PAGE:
Trial and Appeal Lawyer
Najma Jamaldin, along with lawyers in her law chambers, offer legal services in criminal and regulatory defences and appeals.
Passionate about Canadian law and history, Najma has accumulated over 20 years of court expertise. With a deep belief in individual rights, she will apply herself to your case with professionalism and dedication. She engages in open communication with the client to ensure that you are kept updated throughout the process.
She has experience dealing with complex matters before all levels of court and regularly appears in the appellate courts. Najma has frequently participated as a panelist for several legal education conferences held by Ontario Bar Association, Osgoode Hall Professional Development Program and the Criminal Lawyers Association. She serves on committees for the Advocates’ Society and Women’s Law Association of Ontario. Najma works with a network of lawyers in shared chambers to ensure you are served from all angles.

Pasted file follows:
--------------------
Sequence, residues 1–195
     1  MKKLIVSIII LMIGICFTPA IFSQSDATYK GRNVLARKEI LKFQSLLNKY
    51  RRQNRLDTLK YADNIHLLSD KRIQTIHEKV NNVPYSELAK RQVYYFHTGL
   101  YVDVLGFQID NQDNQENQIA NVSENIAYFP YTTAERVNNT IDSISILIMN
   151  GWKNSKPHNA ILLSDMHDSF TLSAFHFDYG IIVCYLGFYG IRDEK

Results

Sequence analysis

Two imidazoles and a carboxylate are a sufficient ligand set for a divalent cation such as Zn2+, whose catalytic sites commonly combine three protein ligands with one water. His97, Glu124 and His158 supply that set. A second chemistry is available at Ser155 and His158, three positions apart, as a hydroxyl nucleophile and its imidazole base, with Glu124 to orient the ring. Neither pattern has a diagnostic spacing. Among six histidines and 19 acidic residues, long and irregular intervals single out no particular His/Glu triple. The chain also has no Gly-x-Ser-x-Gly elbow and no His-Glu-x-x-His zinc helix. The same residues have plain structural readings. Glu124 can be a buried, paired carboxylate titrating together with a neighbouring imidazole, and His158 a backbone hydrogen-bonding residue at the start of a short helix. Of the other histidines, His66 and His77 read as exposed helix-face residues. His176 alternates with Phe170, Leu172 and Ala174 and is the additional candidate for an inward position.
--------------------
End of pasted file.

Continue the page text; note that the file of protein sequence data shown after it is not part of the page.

Najma Jamaldin is a member of:
Some of Najma Jamaldin’s cases:
Superior Court of Justice
– A. v. T.P.S.B., 2015 ONSC 553 (CanLII): claim of systemic abuse of Indigenous people in the context of a strip search pursuant to s. 15 and s. 24 (1) of the Charter
– A.G.O. v. $ 45, 078.46 (In Rem), 2010 O.J. 4344 (Ont. Sup. Crt.): recovery of assets seized by police
Ontario Court of Appeal
– R v. B., 2021 ONCA 171 (CanLII): new trial ordered for possession of firearms and ammunition convictions
– R. v. R.S., 2020 ONCA 39 (CanLII): new trial ordered for lack of disclosure in drug trafficking and possession convictions
– R. v. A-M, 2018 ONCA 305 (CanLII): sentence reduced for unforeseen immigration consequences after a guilty plea
– R. v. S, 2017 ONCA 178 (CanLII): new trial ordered in a case for a not criminally responsible accused
– R. v. T., (2010) ONCA 471: charges stayed based on police abuse pursuant to s.24(1) of the Charter
Supreme Court of Canada
– R. v. Q.,  2 SCR 390: regime for disclosure of private records in the hands of police
– O. E. v. W.,  3 SCR 263: the Supreme Court of Canada recognized the tort of public misfeasance, allowing an individual to sue a holder of public officer for abuse of that office